“Oh, I kinda dove into it, but you know, how do you find out about ghosts? And as I say, this was something that leaves you kinda scratching your head and going to the library and trying to find things that would be apropos. And I didn’t find that much, actually. So we did a pretty original thing here. Anyway, I experimented with many, many ideas. Well, there were different opinions of what it should be. But I seem to kind of like to take a thing and make it a series of little surprises. Things that you wouldn’t expect.”
ACT 1: The Stretching Room
“The audience moves into the elongating room. The ghost host introduces himself as their invisible guide. He also introduces the attendant who is dressed as a butler who will also accompany the group on their dangerous adventure in the haunted mansion. The ghost host recommends that they stay close to the sound of his voice because there are many unpredictable things that may happen and they will be much safer if they stay near him. He says, “The dead spirits have some resentment for those who wish to stay alive!” But he adds, “They are a gregarious group and they are always in search of new company. They are always pleased to meet a new ghost. Don’t let it be you!” He warns them to watch out for clutching hands without bodies, cold drafts of air and etc.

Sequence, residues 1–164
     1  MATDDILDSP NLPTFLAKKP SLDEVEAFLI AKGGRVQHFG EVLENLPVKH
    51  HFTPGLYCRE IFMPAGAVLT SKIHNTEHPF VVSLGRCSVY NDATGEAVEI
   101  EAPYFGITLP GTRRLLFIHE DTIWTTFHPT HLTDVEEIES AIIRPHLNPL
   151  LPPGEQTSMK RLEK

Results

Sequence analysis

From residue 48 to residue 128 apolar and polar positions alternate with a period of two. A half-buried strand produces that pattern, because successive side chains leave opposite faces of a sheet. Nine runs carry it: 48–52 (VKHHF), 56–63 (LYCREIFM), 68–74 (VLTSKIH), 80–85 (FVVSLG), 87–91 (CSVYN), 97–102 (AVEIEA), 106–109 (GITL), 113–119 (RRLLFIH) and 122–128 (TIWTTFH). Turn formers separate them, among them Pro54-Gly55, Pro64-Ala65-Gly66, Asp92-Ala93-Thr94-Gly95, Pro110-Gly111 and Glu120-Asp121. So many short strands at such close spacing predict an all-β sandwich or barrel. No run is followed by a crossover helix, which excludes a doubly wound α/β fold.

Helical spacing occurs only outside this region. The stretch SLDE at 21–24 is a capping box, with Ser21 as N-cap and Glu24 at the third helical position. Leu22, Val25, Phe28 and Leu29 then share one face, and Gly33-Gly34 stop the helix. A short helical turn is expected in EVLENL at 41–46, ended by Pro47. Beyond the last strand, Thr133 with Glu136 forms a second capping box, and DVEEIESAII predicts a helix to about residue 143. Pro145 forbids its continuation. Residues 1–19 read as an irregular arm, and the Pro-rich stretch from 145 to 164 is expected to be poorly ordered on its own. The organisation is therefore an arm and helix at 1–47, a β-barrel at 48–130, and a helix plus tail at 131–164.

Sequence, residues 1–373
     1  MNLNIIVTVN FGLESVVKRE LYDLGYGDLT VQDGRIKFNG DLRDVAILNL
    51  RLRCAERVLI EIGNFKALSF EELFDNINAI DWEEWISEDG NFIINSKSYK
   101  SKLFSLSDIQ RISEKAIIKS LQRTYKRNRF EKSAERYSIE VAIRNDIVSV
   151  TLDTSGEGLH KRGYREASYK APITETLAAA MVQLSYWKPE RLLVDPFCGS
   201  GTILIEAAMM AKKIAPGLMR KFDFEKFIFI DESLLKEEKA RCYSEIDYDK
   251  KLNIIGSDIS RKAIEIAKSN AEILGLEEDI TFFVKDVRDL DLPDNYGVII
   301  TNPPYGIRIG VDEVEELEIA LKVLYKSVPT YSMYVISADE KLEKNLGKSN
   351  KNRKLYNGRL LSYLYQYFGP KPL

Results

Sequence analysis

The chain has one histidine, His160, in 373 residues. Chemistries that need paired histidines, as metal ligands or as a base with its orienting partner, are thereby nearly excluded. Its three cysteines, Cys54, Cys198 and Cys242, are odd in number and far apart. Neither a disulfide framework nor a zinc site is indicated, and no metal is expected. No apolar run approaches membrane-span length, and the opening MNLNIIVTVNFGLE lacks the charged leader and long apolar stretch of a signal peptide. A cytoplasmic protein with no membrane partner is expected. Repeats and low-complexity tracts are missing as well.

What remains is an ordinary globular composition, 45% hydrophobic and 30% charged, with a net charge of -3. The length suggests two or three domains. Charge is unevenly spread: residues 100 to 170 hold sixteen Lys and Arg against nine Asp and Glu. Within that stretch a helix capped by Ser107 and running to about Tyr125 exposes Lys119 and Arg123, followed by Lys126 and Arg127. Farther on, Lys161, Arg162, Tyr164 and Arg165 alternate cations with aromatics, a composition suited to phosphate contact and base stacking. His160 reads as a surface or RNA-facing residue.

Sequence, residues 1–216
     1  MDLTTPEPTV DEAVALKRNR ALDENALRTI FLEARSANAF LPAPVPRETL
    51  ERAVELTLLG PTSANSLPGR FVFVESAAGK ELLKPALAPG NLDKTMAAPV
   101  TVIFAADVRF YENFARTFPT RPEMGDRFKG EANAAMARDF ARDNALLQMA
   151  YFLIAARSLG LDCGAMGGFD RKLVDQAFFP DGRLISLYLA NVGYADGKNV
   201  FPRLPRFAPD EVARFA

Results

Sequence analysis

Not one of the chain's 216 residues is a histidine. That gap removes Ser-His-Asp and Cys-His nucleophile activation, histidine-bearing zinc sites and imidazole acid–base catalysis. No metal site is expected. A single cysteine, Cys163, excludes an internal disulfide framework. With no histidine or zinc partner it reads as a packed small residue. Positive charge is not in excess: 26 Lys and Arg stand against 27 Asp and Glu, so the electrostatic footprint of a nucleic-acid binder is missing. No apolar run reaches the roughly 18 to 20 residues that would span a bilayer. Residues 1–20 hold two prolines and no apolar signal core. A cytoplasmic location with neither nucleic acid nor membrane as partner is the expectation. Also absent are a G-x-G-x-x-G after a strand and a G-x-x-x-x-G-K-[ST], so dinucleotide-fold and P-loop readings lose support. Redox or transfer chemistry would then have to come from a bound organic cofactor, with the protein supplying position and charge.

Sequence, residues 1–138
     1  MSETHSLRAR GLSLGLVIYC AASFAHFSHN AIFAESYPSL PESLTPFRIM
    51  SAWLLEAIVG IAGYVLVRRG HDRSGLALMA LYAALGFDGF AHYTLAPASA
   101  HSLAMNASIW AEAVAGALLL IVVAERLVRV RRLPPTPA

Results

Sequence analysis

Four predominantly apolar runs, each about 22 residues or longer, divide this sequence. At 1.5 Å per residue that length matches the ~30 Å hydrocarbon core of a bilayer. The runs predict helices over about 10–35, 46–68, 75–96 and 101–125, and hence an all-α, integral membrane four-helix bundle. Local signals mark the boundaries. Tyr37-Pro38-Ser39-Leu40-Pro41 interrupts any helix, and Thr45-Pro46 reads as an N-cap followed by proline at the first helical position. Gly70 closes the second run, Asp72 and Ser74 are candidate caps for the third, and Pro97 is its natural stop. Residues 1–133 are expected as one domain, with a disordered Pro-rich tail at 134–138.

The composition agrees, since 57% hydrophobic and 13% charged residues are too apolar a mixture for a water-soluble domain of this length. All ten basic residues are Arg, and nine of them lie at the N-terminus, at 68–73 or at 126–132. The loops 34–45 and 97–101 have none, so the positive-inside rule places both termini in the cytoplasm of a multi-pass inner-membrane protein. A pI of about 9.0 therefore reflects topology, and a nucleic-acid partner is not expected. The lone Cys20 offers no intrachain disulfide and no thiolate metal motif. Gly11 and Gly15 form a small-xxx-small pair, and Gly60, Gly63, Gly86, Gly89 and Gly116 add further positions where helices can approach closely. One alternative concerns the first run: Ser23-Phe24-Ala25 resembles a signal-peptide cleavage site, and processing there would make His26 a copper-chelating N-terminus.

The ghost host points out the salient points of the elongating room. As the room elongates his voice may stay high in the room and gradually feed through an echo chamber. He calls attention to the fact that there are no visible exits to the room. He says there is a way out and with a flash of lightning and a clap of thunder we see a figure hanging and swaying from the ceiling. The ghost host doesn’t recommend this coward’s way out. His voice drops with a dull plop to the floor. The voice is back to normal, the walls open and he leads the group with the aid of the butler, who beckons, into the next scene.”
(Haunted Mansion walk-through outline by Marc Davis – July 27, 1964)
“I did the Stretching Room, the design of the room and the guy hanging up there—how to make it work and so on. We had a cloth ceiling that you saw through like a scrim, and then you could see this figure hanging up there. And that was your “ghost host.” We had this elevator that when you went into the ride, you went into this room, and here were these paintings. Now, each painting was divided into three parts. The girl was a painting that you’d cut off one-third down, and that was what you saw. The previous painting was the same way. Little by little, these things grew as we were there.”